• Colleagues from Scotland: who shared the learning from their Care Review. The Care Review has listened to over 5,500 experiences. Over half of the voices were children and young people with experience of the ‘care system’, and adults who lived in care.

Meeting the individual and complex needs of very vulnerable children and young people is challenging and requires us to actively promote the ‘participation’ of those we try to safeguard and protect, through listening to their ‘voices’. This was a key message from the day and best illustrated in the following words of one speaker:

“Children must be listened to and meaningfully and appropriately involved in decision-making about their care, with all those involved properly listening and responding to what children want and need. There must be a compassionate, caring, decision-making culture focused on children and those they trust.”

“The judge will see the child as a real person rather than as the object of other people’s disputes or concerns.”

The words children use reflect how they feel and often present a mixture of ‘emotion’ and ‘confusion’. For the family courts and professionals involved we must not simply ‘hear’ children who are able to express a view, but we must actively listen to what they have to say, weight it, evaluate it and always give reason for not giving effect to it. The simple truth is, it is they who have to live with these decisions.

A second and recurring key message from a number of our young people and speakers was the importance of ‘family’ connections and links even in the face of significant challenges and adversities lasting over lifetimes:

“Where children are safe in their families and feel loved they must stay — and families must be given support together to nurture that love and overcome the difficulties which get in the way.”

Our panel of young people in active participation with the audience and speakers, led by senior management from NIGALA, Sean Brown and Peter Reynolds.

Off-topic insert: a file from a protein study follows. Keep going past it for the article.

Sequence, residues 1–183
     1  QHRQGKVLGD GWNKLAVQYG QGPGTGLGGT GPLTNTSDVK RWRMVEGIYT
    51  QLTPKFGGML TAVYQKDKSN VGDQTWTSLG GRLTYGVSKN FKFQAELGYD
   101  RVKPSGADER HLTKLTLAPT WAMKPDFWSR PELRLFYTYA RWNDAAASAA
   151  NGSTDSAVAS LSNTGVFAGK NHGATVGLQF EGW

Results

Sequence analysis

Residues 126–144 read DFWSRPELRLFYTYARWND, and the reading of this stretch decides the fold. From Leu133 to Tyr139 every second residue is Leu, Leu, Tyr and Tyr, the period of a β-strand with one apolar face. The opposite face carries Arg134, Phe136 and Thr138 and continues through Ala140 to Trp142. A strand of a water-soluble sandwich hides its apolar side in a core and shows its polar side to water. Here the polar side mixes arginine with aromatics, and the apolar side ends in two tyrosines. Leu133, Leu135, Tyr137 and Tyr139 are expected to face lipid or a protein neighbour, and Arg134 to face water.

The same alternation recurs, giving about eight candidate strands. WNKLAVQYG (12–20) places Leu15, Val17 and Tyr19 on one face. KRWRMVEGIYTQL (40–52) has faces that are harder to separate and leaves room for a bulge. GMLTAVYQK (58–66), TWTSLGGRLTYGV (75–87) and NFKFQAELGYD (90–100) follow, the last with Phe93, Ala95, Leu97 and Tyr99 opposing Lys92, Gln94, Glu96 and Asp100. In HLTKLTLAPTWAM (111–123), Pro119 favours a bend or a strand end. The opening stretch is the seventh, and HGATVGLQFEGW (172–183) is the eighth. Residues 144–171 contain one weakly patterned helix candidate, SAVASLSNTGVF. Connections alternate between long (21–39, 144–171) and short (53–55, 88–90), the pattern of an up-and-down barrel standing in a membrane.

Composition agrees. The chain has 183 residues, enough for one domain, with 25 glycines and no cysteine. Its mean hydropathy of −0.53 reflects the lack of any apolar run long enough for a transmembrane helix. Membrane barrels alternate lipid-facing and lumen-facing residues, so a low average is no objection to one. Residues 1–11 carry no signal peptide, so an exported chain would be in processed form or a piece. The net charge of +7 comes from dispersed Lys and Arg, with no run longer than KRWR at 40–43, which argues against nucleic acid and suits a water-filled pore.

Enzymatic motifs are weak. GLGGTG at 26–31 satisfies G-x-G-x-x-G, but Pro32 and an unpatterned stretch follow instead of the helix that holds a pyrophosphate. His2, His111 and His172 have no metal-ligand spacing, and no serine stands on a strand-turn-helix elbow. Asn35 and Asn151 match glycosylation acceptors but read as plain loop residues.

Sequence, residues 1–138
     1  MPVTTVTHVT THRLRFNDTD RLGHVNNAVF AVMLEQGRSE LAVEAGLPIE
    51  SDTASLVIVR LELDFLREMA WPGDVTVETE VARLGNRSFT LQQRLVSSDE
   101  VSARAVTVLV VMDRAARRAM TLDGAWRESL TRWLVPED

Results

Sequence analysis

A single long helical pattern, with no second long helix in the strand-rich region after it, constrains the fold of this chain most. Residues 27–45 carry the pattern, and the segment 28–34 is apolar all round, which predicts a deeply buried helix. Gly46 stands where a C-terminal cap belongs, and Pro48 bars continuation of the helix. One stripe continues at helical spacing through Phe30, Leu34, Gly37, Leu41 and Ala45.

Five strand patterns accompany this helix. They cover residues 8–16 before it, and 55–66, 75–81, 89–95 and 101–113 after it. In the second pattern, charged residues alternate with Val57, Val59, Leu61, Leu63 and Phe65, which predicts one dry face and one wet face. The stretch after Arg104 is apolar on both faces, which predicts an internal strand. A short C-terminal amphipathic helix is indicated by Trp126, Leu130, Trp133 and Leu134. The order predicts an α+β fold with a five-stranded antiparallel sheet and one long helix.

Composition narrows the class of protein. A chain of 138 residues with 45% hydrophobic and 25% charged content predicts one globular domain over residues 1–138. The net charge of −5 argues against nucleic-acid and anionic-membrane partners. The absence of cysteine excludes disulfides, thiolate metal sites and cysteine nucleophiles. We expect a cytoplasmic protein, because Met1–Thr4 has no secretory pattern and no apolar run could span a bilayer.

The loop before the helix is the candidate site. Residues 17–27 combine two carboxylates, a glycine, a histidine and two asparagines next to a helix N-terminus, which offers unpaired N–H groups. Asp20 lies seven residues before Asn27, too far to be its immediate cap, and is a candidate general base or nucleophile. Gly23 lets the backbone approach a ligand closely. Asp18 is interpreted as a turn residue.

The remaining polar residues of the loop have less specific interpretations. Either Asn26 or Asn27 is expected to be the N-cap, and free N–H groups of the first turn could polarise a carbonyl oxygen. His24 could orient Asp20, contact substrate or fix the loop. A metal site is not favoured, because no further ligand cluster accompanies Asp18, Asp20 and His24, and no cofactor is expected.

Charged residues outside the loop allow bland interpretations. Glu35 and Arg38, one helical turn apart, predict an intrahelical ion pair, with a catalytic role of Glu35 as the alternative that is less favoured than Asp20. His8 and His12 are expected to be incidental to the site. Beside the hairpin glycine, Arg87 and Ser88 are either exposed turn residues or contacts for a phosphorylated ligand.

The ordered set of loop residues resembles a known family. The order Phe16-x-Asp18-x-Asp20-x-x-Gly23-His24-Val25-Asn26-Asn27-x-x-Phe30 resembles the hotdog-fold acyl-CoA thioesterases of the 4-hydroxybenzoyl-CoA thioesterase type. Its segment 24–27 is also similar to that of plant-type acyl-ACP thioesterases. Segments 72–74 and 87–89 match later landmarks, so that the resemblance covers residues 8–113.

There were also a number of non-verbal messages poignantly displayed in the Titanic Centre on the day. Presentation boards with graffiti style writing exhibited questions and messages from our young people and a blazer jacket with labels attached featured as one of the main center pieces. Our young people wrote messages on each label according to how each of them felt they had been (or still are) labelled. For example: “uneducated”, “unwanted”, “not likely to achieve”, “needy” and “has no ambitions”, were just a few. They creatively portrayed a very powerful message; children who have been in care sometimes feel they are walking around with these labels attached to them for life, regardless of how successful they are.

Their message to us? “Break the stigma. We are not defined by a care background. There must be more focus on the positives and success stories… I am not a statistic; I am a child with a name.”

A comment made by a member of the audience nicely sums up what we must continue to do going forward: “Although the stories shared span across generations, the experiences remain the same. We must listen if we are to change things.”

For information and updates on our upcoming conferences and training events you can check our website at and follow us on Twitter @NI_GALA1